Had your art framed more than 20 years ago? Chances are it’s time for an upgrade.
Throughout the years your beloved pieces will be exposed to harmful environmental elements like UV light, acidic materials, dust, heat, humidity, moisture ... and the list can go on but we’re here to help you!
That lovely framed watercolor painting from 1974 could be held hostage in a harmful bed of toxins.
There are a few telling signs your art may be headed down a path of no return.
Is there hope? Of course there is!
Though the damage may not be reversed, we can certainly take the proper steps to prevent any more wear-and-tear.
Other than creating a beautiful project, we want to preserve the state the art is in. By doing this, a few things need to be considered.
Glass: A glazing that filters out harmful UV rays is necessary for conservation framing. Regular glass blocks about 30 percent of UV light allowing the art to fade over time.
We offer a variety of UV protected glass options that shield 99 percent of damaging rays.
When framing a project it’s important to consider the artwork’s longevity, not just where it will hang once you take it home.
Matting: 100% acid free cotton rag mat board with no artificial pigment is the traditional and best choice for conservation matting.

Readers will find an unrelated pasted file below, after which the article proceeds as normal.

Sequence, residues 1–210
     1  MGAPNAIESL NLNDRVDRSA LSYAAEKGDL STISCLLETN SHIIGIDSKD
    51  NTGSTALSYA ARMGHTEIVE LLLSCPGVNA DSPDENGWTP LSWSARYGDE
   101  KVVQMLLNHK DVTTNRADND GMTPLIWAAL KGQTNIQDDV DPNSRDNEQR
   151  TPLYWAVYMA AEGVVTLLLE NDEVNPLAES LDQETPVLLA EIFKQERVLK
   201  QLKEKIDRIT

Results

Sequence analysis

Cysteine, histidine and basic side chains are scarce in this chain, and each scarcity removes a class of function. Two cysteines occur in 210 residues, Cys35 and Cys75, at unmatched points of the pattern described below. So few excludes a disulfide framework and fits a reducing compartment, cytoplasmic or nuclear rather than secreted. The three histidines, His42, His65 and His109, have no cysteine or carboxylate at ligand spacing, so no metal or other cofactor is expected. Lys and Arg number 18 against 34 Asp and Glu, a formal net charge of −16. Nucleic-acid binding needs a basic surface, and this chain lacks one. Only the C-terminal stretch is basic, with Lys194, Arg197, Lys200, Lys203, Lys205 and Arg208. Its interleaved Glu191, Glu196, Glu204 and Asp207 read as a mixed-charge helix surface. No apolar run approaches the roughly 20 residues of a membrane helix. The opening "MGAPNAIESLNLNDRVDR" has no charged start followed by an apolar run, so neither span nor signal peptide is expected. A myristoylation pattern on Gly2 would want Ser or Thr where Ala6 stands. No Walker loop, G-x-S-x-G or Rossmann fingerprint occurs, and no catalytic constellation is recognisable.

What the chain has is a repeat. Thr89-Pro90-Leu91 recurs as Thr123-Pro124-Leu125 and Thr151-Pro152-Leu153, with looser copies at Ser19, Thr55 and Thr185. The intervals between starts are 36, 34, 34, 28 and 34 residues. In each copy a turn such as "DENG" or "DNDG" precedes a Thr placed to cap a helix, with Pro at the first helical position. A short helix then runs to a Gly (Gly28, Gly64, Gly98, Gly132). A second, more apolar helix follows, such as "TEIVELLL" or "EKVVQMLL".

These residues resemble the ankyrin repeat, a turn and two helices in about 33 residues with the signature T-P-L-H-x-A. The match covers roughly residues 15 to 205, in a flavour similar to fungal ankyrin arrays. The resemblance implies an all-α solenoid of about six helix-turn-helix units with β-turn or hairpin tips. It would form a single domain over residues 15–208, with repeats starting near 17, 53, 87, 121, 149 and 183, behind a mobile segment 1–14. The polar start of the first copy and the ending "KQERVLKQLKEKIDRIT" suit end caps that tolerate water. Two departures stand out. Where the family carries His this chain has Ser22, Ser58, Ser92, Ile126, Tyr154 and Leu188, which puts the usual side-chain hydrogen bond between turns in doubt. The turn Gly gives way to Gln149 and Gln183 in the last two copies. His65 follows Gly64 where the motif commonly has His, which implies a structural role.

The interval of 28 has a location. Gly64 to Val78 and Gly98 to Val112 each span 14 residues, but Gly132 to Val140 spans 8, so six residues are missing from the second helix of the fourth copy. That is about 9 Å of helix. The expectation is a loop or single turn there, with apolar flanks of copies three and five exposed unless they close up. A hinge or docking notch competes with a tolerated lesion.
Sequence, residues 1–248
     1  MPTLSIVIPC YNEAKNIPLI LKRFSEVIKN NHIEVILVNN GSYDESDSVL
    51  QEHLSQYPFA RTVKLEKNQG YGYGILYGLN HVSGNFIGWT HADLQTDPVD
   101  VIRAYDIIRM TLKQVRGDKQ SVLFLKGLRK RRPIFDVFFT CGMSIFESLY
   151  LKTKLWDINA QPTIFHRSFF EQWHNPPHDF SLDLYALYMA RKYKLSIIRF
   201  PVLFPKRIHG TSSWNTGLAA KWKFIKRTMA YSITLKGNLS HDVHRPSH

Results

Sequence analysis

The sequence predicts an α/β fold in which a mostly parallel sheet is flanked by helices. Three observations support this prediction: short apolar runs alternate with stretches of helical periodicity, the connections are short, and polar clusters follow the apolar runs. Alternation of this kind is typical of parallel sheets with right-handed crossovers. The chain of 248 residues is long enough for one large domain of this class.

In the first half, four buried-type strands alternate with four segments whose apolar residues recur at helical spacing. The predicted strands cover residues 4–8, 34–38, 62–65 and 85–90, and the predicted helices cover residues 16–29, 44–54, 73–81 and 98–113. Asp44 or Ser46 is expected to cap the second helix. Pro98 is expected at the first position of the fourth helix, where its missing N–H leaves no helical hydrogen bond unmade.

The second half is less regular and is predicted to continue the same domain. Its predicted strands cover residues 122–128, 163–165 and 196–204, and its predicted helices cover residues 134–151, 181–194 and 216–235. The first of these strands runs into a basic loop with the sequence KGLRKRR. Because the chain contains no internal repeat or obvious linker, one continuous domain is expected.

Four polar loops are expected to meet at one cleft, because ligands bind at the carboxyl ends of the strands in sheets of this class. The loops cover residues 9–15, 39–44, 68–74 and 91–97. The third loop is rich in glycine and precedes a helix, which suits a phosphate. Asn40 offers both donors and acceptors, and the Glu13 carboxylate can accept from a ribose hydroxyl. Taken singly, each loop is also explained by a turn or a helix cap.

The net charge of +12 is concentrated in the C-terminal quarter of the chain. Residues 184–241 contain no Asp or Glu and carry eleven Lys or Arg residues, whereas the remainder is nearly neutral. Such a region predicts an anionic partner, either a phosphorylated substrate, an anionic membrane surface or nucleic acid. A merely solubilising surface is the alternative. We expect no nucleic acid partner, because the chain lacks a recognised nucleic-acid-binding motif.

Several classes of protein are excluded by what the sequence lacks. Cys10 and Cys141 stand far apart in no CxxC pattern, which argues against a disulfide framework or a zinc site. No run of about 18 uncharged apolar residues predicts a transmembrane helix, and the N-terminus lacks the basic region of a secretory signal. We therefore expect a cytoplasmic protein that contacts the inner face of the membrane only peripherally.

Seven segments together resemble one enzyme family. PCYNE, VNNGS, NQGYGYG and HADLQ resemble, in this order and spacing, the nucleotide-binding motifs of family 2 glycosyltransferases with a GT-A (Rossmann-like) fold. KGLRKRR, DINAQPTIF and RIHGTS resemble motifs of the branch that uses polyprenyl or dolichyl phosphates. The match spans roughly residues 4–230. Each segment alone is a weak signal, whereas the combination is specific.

Wood pulp mats or paper mats consisting of lignin, a complex polymer commonly derived from wood, were once popular materials used in framing. These acidic materials can cause severe, permanent burn marks.
Glance at your framed artwork. If you see a yellow tint on the ridge of the mat, then it is time to change it out.
Backing: Any backing boards used to support your artwork should be stable as well as archival and acid free.
Most backing used 20 years ago consisted of cardboard, particleboard or wood — all organic materials but extremely harmful to artwork.
Think of it as a tree in the forrest. Nature is amazing at recycling itself and over time when a tree falls it will decompose and emit gases. It is the same with your framed art.
Wood fibers in matting or backing eventually do the same and trap your art inside that little air pocket in between the glass and the backing causing irreversible damage.
That, coupled with acidic paper mats could be holding your art hostage in a crazy haze causing damage it can never recover from.